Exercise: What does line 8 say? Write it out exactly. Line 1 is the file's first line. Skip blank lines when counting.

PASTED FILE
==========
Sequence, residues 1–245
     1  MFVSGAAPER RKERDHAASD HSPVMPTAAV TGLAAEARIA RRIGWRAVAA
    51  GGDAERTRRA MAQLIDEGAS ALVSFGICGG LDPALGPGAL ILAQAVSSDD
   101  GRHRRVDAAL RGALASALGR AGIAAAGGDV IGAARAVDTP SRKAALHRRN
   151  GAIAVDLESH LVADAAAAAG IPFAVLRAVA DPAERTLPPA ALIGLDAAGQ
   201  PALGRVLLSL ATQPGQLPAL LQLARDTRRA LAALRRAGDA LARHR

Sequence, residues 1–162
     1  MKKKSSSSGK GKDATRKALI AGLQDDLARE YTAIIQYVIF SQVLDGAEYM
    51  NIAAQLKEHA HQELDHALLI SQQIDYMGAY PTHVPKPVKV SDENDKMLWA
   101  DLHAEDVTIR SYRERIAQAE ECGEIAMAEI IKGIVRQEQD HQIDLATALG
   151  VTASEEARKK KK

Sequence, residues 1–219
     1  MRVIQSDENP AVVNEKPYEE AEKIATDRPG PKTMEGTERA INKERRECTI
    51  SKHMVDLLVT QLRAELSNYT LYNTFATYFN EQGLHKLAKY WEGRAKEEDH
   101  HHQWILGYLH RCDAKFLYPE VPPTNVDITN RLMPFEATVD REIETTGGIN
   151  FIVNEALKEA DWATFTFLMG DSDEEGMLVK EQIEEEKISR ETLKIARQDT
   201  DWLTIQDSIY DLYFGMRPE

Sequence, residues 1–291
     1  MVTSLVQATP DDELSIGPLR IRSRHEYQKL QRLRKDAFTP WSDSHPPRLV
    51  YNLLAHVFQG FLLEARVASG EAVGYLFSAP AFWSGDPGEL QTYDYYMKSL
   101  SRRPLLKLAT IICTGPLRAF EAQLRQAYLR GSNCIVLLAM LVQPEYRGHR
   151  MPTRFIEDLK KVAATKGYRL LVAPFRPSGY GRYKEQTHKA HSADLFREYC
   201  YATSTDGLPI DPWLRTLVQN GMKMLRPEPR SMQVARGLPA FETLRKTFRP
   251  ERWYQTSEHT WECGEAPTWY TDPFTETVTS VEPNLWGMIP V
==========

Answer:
     1  MKKKSSSSGK GKDATRKALI AGLQDDLARE YTAIIQYVIF SQVLDGAEYM